“Awesome” said Phil this morning, taking his position on the static bike facing the rest of us. We’d done nothing yet. That’s the good thing about Phil, he’s a very positive fellow.
“Lookin’ good, team!”
I have been a regular at various gyms for two decades. My favourite was ‘Slim Jim’s’, a slightly sleazy subterranean establishment in the City. I used to go there daily for 45 minutes of pre-work work-out. It whiffed of hair-oil and embrocation.
“One more gear! We’ve got it nailed, team!”
It’s pretty boring, frankly, the gym. In addition to Phil’s encouragement, I have to imagine myself returning to the boat in an inflatable with loved-ones on board, being blown in the wrong direction and having to row harder, harder … it’s a bit of a nightmare, to be honest. Still, cumulatively I must have spent whole weeks of my life sweating away expending senseless energy. So why do it? I blame the pharmaceuticals industry.
“..keep it up …nearly half way! …brill!”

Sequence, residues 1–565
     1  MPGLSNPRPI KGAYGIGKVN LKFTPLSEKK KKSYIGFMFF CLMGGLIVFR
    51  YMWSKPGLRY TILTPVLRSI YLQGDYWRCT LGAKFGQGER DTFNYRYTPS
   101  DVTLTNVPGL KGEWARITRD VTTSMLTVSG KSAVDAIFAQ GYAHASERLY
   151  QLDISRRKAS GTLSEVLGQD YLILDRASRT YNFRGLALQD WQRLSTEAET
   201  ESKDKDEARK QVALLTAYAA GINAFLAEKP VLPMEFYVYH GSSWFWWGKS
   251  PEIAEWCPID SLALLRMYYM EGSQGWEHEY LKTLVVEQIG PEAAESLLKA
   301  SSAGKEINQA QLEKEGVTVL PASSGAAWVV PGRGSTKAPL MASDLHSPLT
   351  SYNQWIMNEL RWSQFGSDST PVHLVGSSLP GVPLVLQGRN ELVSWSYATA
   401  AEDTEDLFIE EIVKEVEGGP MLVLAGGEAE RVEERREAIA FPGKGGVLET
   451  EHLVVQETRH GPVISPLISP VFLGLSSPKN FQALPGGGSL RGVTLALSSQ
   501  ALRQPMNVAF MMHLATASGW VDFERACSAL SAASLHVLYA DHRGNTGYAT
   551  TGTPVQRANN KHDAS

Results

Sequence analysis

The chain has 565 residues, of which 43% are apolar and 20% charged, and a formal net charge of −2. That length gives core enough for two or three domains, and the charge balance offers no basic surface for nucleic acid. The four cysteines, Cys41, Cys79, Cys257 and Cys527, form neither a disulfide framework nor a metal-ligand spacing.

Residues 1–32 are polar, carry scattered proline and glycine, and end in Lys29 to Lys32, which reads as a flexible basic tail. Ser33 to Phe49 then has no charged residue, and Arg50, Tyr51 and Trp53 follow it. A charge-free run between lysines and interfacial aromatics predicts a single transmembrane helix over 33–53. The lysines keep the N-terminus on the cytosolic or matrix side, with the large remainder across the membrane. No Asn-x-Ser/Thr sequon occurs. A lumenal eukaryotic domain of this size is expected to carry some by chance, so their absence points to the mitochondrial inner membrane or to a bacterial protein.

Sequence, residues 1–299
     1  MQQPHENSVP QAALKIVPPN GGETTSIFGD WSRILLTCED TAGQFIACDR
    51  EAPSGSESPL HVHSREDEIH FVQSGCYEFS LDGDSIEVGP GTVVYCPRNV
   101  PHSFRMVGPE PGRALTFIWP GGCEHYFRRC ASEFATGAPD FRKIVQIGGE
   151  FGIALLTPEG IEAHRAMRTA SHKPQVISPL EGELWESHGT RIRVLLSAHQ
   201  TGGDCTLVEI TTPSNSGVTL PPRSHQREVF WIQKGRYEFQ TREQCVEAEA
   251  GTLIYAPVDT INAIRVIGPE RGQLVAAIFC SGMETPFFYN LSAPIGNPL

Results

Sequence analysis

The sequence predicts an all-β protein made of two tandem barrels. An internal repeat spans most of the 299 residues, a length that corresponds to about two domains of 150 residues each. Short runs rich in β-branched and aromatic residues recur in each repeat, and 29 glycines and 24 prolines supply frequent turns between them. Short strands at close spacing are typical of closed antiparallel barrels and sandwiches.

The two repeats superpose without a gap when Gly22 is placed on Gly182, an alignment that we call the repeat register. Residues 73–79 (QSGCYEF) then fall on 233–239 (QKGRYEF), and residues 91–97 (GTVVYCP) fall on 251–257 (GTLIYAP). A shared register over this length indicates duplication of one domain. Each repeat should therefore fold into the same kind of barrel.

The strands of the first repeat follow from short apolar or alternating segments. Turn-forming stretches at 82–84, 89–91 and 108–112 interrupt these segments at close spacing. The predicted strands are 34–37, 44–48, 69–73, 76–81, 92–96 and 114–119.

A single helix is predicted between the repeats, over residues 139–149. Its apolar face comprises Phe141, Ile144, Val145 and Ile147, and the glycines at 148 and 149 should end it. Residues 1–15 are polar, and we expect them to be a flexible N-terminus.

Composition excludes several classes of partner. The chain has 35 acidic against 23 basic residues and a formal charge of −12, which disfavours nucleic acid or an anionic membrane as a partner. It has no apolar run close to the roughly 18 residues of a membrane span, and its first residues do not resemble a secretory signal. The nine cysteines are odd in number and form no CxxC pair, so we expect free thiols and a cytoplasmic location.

When I was a banker I somehow slipped into a specialisation of advising pharma companies. That’s when I started this gym habit – the more I knew about illnesses and the drugs that treat them, the more I wanted to avoid both.
Don’t get me wrong – pharmaceuticals are, well, awesome, and the industry should be seen as a great force for good, not as it is: a systemic evil positioned somewhere between tobacco and arms manufacture. But prevention is better than cure, and cardio-vascular health is the best prevention. The day the rest of me dies they’ll have to beat my cardio-vascular system to death with a club.
“ten seconds left – goin’ great..”
Except last month I gave nice Mr Lloyd the three months’ notice he requires from resigning members. No point in paying for access to his lovely boring place if I’m at anchor in the Balearics, and life on-board is surely very healthy?
Not according to the delightful and experienced Jenkinses, whom we met recently owing to a remarkable coincidence of taste in boats and postcodes. Liveaboard life is a cardio-vascular disaster, apparently.
So I’m doomed. Decades of cardio-vascular effort are to be squandered. Unless I take to rowing the inflatable, swept further and further from GUMA, Anne muttering her unimpressed encouragement from the stern.
“Give yourself a round of applause! Awesome!”